Carol and Philip Zaleski on Prayer During War


LUCKY SEVERSON, guest anchor: Now, a conversation about prayer during a time of war. Bob Abernethy went to Northampton, Massachusetts, to talk about prayer in wartime with two people who both study prayer and practice it:

BOB ABERNETHY: Carol Zaleski is a professor of religion at Smith College. Her husband Philip Zaleski is a religion writer and editor, and together they are writing a book about prayer in all cultures.

PHILIP ZALESKI (Religion Writer and Editor): Prayer is communication between the human realm and the transcendent realm, which for most people means trying to communicate with a personal God, coming into contact with a person who cares about them and loves them and can help them out.


Dr. CAROL ZALESKI (Professor of Religion, Smith College): The basic stance is one of humility. And it usually involves a request of some kind but also can just be an effort to come into a deeper relationship with the divine.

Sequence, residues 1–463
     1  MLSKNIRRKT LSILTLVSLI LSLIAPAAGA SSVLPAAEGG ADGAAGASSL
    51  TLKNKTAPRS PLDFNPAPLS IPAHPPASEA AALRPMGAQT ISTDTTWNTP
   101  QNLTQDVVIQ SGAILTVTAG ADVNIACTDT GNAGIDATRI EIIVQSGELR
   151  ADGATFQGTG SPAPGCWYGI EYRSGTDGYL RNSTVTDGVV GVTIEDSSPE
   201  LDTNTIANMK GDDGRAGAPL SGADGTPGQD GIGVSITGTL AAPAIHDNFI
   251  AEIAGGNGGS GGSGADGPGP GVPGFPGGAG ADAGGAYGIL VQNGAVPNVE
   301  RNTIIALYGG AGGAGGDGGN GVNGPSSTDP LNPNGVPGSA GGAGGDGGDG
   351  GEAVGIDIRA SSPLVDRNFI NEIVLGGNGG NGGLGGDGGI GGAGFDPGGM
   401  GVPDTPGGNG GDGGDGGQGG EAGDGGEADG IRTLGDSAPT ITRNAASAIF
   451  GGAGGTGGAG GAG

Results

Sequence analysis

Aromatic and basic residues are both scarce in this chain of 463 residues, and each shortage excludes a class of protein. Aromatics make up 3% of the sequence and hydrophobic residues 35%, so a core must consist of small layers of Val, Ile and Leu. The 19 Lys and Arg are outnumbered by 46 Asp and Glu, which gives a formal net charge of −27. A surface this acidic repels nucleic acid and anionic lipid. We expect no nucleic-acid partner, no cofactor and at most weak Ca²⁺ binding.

ABERNETHY: The war has produced a vast amount of prayer around the country — in private, in small groups, in worship services, and on the Internet. Carol Zaleski says one common prayer is for protection.

Dr. ZALESKI: In a sense all of us, whatever our views about the war currently may be, we’re all implicated in it. And we all feel ourselves vulnerable and in some degree of moral distress. And I think that these prayers don’t have to do with becoming invulnerable in the sense of insensitive, but with recognizing that we are not alone. And that, in general, is what prayer does for people in times of war, in times of insecurity. Prayer provides that kind of shield, that kind of enveloping warmth, and releases hope. It also connects us to other people.

Mr. ZALESKI: I hear most people say that they are praying for everybody in this conflict, and when the correspondents relay the fact that Americans are praying for those American soldiers over there on the battlefield, I’ve heard American soldiers say, “Well, we hope they’re praying for the Iraqi people, as well.”